Friday, January 2, 2009

Myra McClure and NIH's SEP

[Note: Dr. McClure has withdrawn from the CFS SEP since the publication of this post - and many others.]

In what can only be seen as a most unfortunate move, the NIH has added Dr. Myra McClure of the UK to the CFS SEP (Special Emphasis Panel) requested by Congress to evaluate proposals for grant money from NIH concerning CFS.

Thanks to the work of patient advocate Pat Fero, we have profiles of the members of this SEP - few of whom even claim expertise on CFS. These are mainly people who study pain, and more than one who studies psychological factors affecting the sensation of pain.

Then there is Jim Jones at CDC.  Jones started out working with a cluster outbreak in the Denver area, writing a companion article to Straus's at the end of 1984 suggesting CEBV (chronic Epstein-Barr Virus) was the culprit.  When Straus dropped CEBV and renamed it CFS, Jones quickly adopted a model of somaticizing.  It was particularly cruel because he worked with a lot of children and adolescents.  He has a kind of a CBT/GET/SSRI model at CDC, where he was hired to conduct physician education a few years ago.  I suspect he is the driving force behind that "new and improved" web site that praises the UK's NICE Guidelines [which attribute The Disease to "inappropriate illness beliefs" and recommend 10 weeks of CBT (Cognitive Behavior Therapy) plus 10 weeks of GET (Graded Exercise Therapy), known colloquially as CBT/GET, as a cure].

Now we come to Mrya McClure - co-author on a British study in PLoS One published just three months after the WPI/NCI/Cleveland Clinic study came out in "Science". **

Someone must have said they needed a retroviral expert on the panel.  Who better than someone who couldn't find a gamma retrovirus if they slapped her face with a cat suffering from feline leukemia?  As an observer commented at the time, did she take the lens cap off the camera?

Worse (in my opinion) for a person charged with evaluating grant proposals for CFS, McClure found nothing in any way peculiar about deriving her entire data set from patients in a purely psychiatric practice - Simon Wessely's and Anthony Cleare's at KCL (King's College, London).  Wessely once told me that because I had been diagnosed with Hashimoto's and NMH, I would have been sent to a different clinic at KCL and he would never have seen me.  So the patients chosen by McClure had NOTHING that could be diagnosed using biomedical markers.

If you harbor any doubts, this is taken from the abstract of the McClure's article failing to find XMRV.  How did they define their patient cohort?

"Patients in our CFS cohort had undergone medical screening to exclude detectable organic illness and met the CDC criteria for CFS." **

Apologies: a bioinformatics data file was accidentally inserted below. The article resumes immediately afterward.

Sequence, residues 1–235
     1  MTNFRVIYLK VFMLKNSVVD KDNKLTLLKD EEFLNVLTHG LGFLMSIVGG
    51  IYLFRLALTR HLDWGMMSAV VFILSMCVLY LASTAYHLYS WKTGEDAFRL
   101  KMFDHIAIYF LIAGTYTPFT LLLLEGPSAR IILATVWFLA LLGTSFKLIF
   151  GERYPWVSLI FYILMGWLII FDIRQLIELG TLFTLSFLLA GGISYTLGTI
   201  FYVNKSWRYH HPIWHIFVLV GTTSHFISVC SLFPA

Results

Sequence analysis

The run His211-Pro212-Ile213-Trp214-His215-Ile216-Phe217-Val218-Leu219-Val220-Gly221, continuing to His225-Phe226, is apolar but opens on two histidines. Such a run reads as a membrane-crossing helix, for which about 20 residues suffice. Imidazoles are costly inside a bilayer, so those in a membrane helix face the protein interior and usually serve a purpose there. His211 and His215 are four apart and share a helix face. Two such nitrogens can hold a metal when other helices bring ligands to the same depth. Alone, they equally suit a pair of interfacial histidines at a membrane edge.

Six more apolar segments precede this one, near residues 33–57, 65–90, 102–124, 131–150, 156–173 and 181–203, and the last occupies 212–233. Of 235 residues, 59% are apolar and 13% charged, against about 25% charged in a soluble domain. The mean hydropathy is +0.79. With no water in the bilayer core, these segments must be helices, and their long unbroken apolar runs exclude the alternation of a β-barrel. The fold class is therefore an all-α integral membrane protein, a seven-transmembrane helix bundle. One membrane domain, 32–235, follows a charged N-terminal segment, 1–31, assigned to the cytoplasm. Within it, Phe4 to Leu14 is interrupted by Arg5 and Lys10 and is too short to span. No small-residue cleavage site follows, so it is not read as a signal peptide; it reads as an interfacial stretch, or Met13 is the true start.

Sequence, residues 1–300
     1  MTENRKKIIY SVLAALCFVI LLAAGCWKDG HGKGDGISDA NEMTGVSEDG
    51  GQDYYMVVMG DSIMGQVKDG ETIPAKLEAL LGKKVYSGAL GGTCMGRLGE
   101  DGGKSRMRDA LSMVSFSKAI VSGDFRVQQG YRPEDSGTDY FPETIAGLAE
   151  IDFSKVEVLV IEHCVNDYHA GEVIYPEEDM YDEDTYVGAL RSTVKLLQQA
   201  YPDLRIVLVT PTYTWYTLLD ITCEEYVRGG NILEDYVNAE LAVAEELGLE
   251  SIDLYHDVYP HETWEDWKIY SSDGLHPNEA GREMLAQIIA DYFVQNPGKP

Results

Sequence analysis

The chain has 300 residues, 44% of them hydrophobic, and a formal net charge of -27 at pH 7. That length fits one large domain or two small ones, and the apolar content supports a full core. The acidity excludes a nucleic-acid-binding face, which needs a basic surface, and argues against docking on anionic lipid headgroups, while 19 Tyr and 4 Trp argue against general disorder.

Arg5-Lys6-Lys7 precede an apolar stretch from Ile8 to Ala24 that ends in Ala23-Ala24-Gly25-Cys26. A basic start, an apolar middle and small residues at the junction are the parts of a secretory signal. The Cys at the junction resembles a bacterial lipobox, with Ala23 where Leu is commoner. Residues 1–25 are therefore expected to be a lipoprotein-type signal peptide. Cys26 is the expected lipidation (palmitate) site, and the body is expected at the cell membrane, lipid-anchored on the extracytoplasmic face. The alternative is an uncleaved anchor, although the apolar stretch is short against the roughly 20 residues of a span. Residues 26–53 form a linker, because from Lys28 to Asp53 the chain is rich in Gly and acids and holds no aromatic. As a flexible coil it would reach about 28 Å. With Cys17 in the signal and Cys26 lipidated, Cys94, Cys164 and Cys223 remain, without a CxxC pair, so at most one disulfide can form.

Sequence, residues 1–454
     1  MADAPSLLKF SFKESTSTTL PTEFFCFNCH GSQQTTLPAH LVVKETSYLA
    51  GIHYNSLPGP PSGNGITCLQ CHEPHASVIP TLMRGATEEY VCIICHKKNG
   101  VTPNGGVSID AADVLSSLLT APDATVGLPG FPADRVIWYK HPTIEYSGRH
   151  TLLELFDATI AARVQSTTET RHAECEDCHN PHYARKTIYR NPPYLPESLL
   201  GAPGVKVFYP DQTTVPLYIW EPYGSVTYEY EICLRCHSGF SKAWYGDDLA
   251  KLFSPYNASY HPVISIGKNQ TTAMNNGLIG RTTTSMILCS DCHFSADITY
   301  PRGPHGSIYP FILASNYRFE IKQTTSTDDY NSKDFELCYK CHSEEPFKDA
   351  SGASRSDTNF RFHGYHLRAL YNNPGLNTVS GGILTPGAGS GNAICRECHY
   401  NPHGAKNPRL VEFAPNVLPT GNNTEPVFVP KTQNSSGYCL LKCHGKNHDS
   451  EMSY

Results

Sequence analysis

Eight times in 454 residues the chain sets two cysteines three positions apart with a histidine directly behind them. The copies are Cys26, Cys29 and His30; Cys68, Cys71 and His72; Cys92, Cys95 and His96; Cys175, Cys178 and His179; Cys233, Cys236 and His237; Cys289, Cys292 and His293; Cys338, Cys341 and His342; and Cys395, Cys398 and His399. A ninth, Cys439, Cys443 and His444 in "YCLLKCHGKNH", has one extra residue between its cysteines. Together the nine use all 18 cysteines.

One might question what they mean by the "CDC criteria."   If you start out with a group of patients who are mainly depressed (as Michael Sharpe enthusiastically described the cohort defined by the Oxford definition in answer to a question at the 1998 AACFS conference - he agreed to my suggestion that up to 90% of his patients mainly had minor depression ...) you can squeeze through the Fukuda (1994) definition - fatigue, sleep problems, difficulty concentrating, headaches, muscle aches ... The critical point being that anyone with an organic explanation for any of this would already have been excluded from the group.  

It is a stretch to claim they meet Fukuda, but they would easily have met Reeves' definition (the questionnaires).  Lenny Jason found that the Reeves adjustment to Fukuda (those questionnaires) fail to diagnose the sickest 30% who would previously have met Fukuda, and then fold in a lot of patients with primary depression or anxiety .... So a data set consisting of patients from a psychiatric clinic could easily meet the Reeves criteria.

And, what a coincidence, Reeves referenced Simon Wessely and Trudy Chalder (British expert on "factitious illnesses" and "factitious illness by proxy") in the article that described his questionnaires, and Reeves sudden announcement in 2006 that 4-7 million people in the U.S. have CFS, is exactly what you would have gotten at the time using the Oxford definition (Wessely's).

If you want to see a website that will make your hair stand on end, take a gander at the KCL website on CFS (and you thought CDC's website was bad ...) - the emphasis is on getting rid of "enablers," such as doctors who do not spout Wesselyite dogma, helpful friends and neighbors, and wheelchairs.

Or you could skip to my two favorite sections, on "fear" and "letting go of support."

These were the folks who provided patients for McClure's study of XMRV.  

So they not only have added an "XMRV expert" who can't find XMRV ... But also someone who thought the KCL depiction of "CFS/ME" was accurate.

Slap in the face - but really more of a slap in the face to Lo and Alter and NIH's Natl. Cancer Institute (the latter had co-authors on the "Science" study) than WPI.  Their own institution kicked them down the stairs.

** "Failure to Detect the Novel Retrovirus XMRV in Chronic Fatigue Syndrome"
Otto Erlwein, Steve Kaye, Myra O. McClure, Jonathan Weber, Gillian Wills, David Collier, Simon Wessely, and Anthony Cleare
PLoS One. 2010; 5(1): e8519. Published online 2010 January 6. doi: 10.1371/journal.pone.0008519.
PMCID: PMC2795199

Mary Schweitzer, Ph.D. [Actually published in 2011, but changing the date was the only way to push it further down in the archives.]